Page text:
NASA Earth Science missions are kicking off a new video contest engaging high school age students to produce a video communicating NASA Earth Science to younger students. Students are consuming over 10 hours of media a day and video is increasingly important to communicate and inform about science. NASA is looking for talented High School students to create videos that engage students in Earth Science.
Winners will have their videos posted on NASA’s website. They will also get the opportunity to be a NASA Producer working with NASA scientists and communication experts in July 2014 to produce an Earth Science feature video.
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A large storm system brought more than a foot of rain to parts of Central Texas on October 30 and 31, 2013. Up to 14 inches (36 cm) of rain fell in the Austin region, according to the National Weather Service. The rain triggered flash floods that left two people dead, forced evacuations, and closed roads. The clouds had largely cleared by 12:35 p.m. when the Moderate Resolution Imaging Spectroradiometer (MODIS) on the Terra satellite acquired the top natural color image. Normally black or dark blue, rivers and reservoirs are muddy brown and green from runoff. Read more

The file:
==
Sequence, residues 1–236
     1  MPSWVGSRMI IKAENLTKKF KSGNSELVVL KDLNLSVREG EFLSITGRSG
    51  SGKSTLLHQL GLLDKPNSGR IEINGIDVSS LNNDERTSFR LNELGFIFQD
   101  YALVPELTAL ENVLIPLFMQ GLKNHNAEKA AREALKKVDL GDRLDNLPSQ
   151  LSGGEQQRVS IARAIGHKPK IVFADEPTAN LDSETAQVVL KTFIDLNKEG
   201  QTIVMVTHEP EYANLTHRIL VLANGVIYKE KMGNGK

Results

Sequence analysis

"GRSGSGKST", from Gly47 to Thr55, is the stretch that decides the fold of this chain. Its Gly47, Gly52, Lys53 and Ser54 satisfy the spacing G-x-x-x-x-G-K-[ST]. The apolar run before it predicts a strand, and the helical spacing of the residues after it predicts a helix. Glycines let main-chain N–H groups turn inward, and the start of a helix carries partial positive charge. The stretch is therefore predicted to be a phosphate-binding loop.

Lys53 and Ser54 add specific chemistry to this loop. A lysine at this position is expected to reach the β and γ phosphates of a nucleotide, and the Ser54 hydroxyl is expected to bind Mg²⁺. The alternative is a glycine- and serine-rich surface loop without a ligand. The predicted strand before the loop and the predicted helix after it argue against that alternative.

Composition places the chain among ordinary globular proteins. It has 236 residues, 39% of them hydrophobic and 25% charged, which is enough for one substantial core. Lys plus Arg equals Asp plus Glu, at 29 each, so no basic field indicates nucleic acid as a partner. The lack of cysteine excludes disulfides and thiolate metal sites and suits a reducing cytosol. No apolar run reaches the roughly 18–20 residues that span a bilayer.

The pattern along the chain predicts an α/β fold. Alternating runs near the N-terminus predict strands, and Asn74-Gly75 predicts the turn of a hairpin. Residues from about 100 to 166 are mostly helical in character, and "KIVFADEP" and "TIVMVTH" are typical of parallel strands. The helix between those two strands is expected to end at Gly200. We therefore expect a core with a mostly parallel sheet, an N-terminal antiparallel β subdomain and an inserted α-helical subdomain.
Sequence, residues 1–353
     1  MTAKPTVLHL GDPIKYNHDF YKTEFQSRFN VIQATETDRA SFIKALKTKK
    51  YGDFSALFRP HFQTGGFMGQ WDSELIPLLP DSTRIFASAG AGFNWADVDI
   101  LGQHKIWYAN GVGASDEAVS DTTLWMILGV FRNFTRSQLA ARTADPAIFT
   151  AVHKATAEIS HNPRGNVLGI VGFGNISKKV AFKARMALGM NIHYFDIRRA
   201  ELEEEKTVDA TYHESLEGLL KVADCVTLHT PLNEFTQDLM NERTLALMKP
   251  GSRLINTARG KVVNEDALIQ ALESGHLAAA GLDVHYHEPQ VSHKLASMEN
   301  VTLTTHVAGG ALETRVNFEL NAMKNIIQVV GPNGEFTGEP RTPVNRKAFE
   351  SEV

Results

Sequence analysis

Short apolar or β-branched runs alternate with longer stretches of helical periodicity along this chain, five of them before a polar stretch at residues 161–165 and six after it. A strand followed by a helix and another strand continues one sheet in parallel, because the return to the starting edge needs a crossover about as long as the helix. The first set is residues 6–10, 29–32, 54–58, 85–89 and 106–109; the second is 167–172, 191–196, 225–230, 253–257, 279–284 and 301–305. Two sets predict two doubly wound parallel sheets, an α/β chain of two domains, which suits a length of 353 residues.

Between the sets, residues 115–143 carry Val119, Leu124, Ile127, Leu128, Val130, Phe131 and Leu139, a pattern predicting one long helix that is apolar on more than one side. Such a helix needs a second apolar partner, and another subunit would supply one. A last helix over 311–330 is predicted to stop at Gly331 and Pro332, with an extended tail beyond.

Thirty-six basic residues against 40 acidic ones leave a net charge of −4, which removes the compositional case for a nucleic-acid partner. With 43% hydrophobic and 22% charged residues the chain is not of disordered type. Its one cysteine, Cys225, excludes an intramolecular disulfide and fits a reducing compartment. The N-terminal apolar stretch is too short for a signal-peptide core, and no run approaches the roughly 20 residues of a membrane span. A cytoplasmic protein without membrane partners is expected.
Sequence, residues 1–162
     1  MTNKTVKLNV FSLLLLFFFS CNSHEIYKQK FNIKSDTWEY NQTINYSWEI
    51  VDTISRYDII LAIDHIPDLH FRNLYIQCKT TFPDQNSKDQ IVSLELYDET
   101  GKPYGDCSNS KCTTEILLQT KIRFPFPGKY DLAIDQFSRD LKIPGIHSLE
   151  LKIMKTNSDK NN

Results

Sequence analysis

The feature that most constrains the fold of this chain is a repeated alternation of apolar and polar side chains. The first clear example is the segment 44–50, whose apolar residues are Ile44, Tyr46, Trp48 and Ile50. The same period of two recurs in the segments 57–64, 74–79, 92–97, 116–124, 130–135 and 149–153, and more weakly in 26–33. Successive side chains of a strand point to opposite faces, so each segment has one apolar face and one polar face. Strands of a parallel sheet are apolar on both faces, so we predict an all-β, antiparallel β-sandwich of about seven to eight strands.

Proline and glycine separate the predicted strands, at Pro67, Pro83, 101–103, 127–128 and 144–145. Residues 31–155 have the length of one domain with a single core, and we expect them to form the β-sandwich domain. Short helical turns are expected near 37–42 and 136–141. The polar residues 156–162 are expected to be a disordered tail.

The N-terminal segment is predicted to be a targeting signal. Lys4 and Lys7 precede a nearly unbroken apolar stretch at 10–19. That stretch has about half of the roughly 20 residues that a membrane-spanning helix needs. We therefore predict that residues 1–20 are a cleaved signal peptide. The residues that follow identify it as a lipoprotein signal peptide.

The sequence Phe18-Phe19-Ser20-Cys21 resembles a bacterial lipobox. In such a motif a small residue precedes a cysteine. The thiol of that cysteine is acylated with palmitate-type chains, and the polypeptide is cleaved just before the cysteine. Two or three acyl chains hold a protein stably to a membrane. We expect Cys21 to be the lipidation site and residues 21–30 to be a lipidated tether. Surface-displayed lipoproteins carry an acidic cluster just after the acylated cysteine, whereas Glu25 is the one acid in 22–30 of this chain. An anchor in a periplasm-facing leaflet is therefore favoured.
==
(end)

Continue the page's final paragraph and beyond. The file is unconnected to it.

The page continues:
NASA images courtesy LANCE/EOSDIS MODIS Rapid Response Team at NASA GSFC. Caption by Holli Riebeek.
The view shown in this image is rare: a high bank of cirrus clouds sweeps east from the Andes Mountains of South America in otherwise clear skies. Under normal circumstances, other clouds would dominate the scene.
The Moderate Resolution Imaging Spectroradiometer (MODIS) on NASA’s Terra satellite acquired the image on September 20, 2013, when strong upper level winds were blowing east across South America. Read more
NASA image courtesy Jeff Schmaltz, LANCE/EOSDIS MODIS Rapid Response Team at NASA GSFC. Caption by Holli Riebeek with interpretation by Kerry Meyer.
Livescience.com recently featured a Terra MODIS image of Tropical Storm Raymond off of Mexico’s Pacific coast before it erupted into a major hurricane.
In some areas, winds tend to blow in roughly the same general direction all year. The Grand Erg Oriental, a sprawling sea of sand dunes in the Saharan Desert, is not one of them.
The winds in northeastern Algeria tend to be complex and changing. Easterly summer winds shift in the winter, becoming westerly. Meanwhile, passing storms and local geographical features further muddle the picture. If winds came consistently from one direction, crescent-shaped barchan dunes would reign. But the dominant dune type along the southern edge of Grand Erg Oriental (shown above) are large, pyramid-shaped star dunes, which only form in areas where winds blow from multiple directions.
The image was acquired by the Advanced Spaceborne Thermal Emission and Reflection Radiometer (ASTER) on NASA’s Terra satellite on October 27, 2012. Read more
NASA image courtesy NASA/GSFC/METI/ERSDAC/JAROS, and U.S./Japan ASTER Science Team. Caption by Adam Voiland.